“We need to ask ourselves before we buy things, how will I dispose of this? Will it go into a landfill? Is it biodegradable? Can it be re-purposed?” Bell said.
Fleischer said her church makes shopping bags from old T-shirts and donates some of them to the food bank.
From the hand soap in the bathrooms to the fertilizer on lawn, congregations can rethink their use of chemicals, Bell said.
Cleaning products often contain chemicals that are harmful to the environment and humans. Safer alternatives like vinegar and baking soda are effective and much cheaper. There also are more environmentally friendly options for insect control like boric acid, diatomaceous earth and essential oils.
Outdoors, congregations can think about foregoing the use of fertilizers and herbicides, which can be washed down storm drains and into rivers, causing algae blooms like the ones in Lake Okeechobee and along the Gulf Coast.
Churches are finding that environmentally friendly practices and events are an effective way to reach into the community.
Most congregations have one or two avid gardeners in their midst who are willing to spearhead a church garden, whether to grow vegetables to feed people or a pollinator garden to attract bees and butterflies.
|Green Earth Community Garden is engaged in a partnership with Cokesbury UMC by using the green space next to the church as a community garden.|
College Park United Methodist Church in Orlando opens its garden to the community and hosts several “open table” events through the year. Faith United Methodist in Orlando lets children attending its summer camps help out in its garden.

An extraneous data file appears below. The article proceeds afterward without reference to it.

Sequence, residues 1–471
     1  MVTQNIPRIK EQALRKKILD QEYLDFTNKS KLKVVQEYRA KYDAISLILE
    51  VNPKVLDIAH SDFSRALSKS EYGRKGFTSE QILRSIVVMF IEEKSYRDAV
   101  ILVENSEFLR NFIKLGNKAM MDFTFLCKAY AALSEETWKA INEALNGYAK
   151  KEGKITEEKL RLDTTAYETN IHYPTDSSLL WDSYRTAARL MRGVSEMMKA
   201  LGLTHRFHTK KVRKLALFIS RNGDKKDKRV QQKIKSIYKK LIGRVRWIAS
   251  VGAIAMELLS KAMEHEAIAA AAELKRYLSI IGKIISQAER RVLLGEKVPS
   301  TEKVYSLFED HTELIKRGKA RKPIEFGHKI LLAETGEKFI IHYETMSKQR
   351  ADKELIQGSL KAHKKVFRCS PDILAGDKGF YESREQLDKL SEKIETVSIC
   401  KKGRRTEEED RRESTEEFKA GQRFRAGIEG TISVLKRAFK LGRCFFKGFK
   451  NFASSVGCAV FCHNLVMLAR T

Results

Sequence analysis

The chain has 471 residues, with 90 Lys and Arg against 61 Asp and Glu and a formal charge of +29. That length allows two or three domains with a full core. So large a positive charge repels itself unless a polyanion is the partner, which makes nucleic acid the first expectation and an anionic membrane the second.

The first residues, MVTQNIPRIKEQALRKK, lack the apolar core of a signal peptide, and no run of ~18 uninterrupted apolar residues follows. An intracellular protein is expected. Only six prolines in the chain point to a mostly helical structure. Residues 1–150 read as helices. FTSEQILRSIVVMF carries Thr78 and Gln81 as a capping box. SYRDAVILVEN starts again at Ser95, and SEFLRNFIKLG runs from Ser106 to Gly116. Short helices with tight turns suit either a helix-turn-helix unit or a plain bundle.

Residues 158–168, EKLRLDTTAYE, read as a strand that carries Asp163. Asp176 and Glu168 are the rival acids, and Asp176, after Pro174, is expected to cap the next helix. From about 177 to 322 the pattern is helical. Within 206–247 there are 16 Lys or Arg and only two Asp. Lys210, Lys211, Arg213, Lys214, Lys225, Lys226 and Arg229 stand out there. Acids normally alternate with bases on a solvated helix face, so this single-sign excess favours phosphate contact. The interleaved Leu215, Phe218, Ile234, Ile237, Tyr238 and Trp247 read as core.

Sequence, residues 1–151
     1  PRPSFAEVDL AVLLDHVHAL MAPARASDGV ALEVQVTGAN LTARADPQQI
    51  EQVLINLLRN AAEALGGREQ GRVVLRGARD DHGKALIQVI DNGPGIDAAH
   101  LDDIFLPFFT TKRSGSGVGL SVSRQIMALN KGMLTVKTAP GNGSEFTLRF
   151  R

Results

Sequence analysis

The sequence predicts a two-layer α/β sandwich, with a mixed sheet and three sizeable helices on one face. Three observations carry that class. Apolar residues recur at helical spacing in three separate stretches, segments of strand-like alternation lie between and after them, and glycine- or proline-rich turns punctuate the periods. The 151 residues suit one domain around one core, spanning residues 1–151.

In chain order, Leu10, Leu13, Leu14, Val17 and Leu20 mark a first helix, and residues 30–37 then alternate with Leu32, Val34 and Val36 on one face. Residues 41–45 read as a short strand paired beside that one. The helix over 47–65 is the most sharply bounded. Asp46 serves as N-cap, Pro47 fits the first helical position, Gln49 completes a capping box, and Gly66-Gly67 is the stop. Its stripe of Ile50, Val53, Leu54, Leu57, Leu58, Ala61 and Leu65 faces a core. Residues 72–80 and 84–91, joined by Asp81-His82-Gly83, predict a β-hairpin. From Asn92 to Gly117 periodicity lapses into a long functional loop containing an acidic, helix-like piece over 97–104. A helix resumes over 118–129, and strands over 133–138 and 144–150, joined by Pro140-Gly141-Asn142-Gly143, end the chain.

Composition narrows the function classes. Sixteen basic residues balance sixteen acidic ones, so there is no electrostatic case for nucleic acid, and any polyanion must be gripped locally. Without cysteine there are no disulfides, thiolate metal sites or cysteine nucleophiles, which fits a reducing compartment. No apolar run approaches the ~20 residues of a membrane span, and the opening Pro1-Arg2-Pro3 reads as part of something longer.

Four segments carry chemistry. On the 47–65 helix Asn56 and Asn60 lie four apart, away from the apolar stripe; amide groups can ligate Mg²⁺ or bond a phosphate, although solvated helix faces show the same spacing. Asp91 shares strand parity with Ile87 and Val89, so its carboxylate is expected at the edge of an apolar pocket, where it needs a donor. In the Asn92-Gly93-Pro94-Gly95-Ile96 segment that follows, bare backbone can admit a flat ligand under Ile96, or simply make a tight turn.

Cornerstone United Methodist in Naples has what it calls Cornerstone Edibles, a market for its organically grown fruits and vegetables.
St. Paul’s has a Mosaic Garden, so called because the raised beds are decorated with mosaics. The produce is used by the church and donated to the local food bank.
Fleischer helped start the garden.
Initially six people volunteered but now families adopt the garden for a week at a time during the summer.
“It has been a real attention getter for intergenerational involvement,” Fleischer said. “We have kids working in the garden with their grandparents.”
The plants, which are grown without chemicals, are fed with compost that comes from the food scraps from the weekly Wednesday night dinners. The church also had a Lady Bug Jubilee for the community, where hundreds of the beneficial insects were released.
Elan Brown, chairperson of the Florida Conference Creation Care, said the church has started showing monthly movies that have an environmental message that are popular with teenagers such as “Before the Flood” and “Plastic Pollution.”
Vacation Bible School
Rev. Kandace Brooks, pastor of St. Paul’s UMC, has written a Vacation Bible School curriculum with an environmental focus: “God Said It Was Good.” About 200 children made s’mores on a solar oven, met rescued farm animals and learned about native plants, Fleischer said. The church is hoping to make the curriculum available to a larger audience.
Community clean up
St. Paul’s UMC adopted its Tallahassee street and also cleans up nearby Lake Ella six times a year.
“We do that with the kids,” Fleischer said. “It’s amazing how much trash we get out of the lake. The cleanup gives us a lot of visibility. We put a banner and invite people to join us. It’s been a great outreach.”
--Lilla Ross is a freelance writer in Jacksonville.